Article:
For many years in general sailing, racing, cruising my own boats and working in the industry I never heard any discussion about the placement of the galley in a multihull, particularly in cats. Recently however the comment of ‘galley up is better because the cook is part of the conversation’ has been used with increasing frequency.
#2 – GALLEY UP IS GOOD BECAUSE THE COOK IS PART OF THE CONVERSATION
Like most truisms this one falls apart fairly quickly. However at the outset, let me say that I am not here to talk you out of galley up, just to ensure you understand the reasons underpinning these decisions and to make sure you don’t get blinded by the truism. Also it should be noted that there is a size point at which the question becomes less of an issue, roughly speaking that is around 15m, above that you have beam and volume to play with, below that less so, and below 14m increasingly less so.
A BIT OF HISTORY
Early multihulls tended to be slimmer sleeker and less voluminous in the saloon/bridgedeck area. Also early multihulls tended to be owner built and simplicity, performance and cost were the key drivers. Most early multihulls were also smaller than today’s crop of production boats. Initially the decision on placement was a combination of physics (the lower the galley the better) and cost and ease.
A few years back however as production cats started to infiltrate and later dominate the charter market, particularly the Caribbean charter market, a relatively simple driver saw a wholesale move to the galley up configuration. That driver was the amount of cabins with ensures that you could squeeze into a boat, the more you could, the better the rate of return on your capital investment. The actual reason for the galley up movement had nothing to do with the galley, it was all about maximising the amount of double with ensuite cabins. Like many things in life the marketing people then had to invent a way of selling the idea as a good thing, hence the cook/conversation concept started to appear.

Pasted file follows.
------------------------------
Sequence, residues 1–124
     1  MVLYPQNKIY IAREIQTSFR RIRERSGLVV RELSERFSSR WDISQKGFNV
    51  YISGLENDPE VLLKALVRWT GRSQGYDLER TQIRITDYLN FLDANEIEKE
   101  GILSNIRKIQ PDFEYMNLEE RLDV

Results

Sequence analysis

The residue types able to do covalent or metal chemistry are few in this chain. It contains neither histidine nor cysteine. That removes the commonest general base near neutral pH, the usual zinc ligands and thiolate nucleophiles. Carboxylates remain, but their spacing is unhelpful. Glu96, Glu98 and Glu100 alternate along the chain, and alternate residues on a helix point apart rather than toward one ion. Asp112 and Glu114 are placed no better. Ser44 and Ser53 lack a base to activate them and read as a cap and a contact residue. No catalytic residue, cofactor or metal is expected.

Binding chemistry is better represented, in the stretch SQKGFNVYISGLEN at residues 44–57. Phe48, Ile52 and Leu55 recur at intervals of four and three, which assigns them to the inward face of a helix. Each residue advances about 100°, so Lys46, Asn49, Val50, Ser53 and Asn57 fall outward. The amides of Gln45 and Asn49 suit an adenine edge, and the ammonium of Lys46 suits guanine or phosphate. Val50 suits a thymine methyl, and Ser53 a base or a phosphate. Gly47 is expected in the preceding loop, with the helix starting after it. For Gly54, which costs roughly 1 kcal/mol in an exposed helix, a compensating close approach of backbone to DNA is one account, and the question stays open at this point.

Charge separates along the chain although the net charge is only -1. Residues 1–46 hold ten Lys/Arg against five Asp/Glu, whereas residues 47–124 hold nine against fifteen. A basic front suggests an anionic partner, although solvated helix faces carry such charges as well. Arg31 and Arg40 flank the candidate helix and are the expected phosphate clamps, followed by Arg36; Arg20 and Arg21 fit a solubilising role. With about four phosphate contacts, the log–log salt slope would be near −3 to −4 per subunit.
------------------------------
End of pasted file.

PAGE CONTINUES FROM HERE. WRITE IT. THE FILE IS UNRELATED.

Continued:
Let’s look at some of the disadvantages of galley up in boats under 14m. Invariably the saloon has to be compromised, less space and more cramped layout. The galley itself also has to be compromised, less space, less counter space, less storage and cupboard space and less space for fridges, freezers and the like. In fact on many 12-13m cats I have sailed with galley up the most annoying part of the process is going up and down to pantries, for storage, pots and pans, not to mention the off putting and unsightly mess that is in the galley while you are having your meal. As for bench space, well there is likely to be little, so whilst the galley might claim to be ‘up’ in the sub 14m area, by and large only part of it is.
But let’s move on to the single biggest alleged benefit of galley up, that where the cook is part of the conversation. The reality is that on almost all cats sub 14m with galley up, the helm is pushed up. So the cook might be part of the conversation but the the helmsperson isn’t, I think that might be the wrong approach to me, surely the helm needs to be more involved than anyone else. Many if not most cruising cats are sailed by couples. The most popular galley up approach then results in a disconnect between the two people on board. Sure the boat may be on autopilot a lot, but when it matters you need to be on the helm and be able to communicate with the other person, be they in the galley or saloon.
A simple test of the effectiveness of the galley/helm relationship is this, can the person on the helm see the person in the galley and vice versa, can the person hand food/drink to the helm and vice versa without either of them having to climb stairs or move far? If not – its an inefficient and some might say, unsafe design approach. I have included a couple of photos of popular galley up cats, on neither can the helm and galley communicate and pass items to each other, and yet on some galley down designs you can. The first galley down photo shows the galley taken from the helm, clearly all parties can see and communicate with each other. The second galley down photo shows the helm position from which the photo was taken. So the question is, no matter where the galley is, can you see the helmsperson and communicate with, if not, why would you want that arrangement?
Like many myths on first glance it makes sense, dig a little deeper, not much substance to the idea, particularly on genuine cruising boats with a couple on board.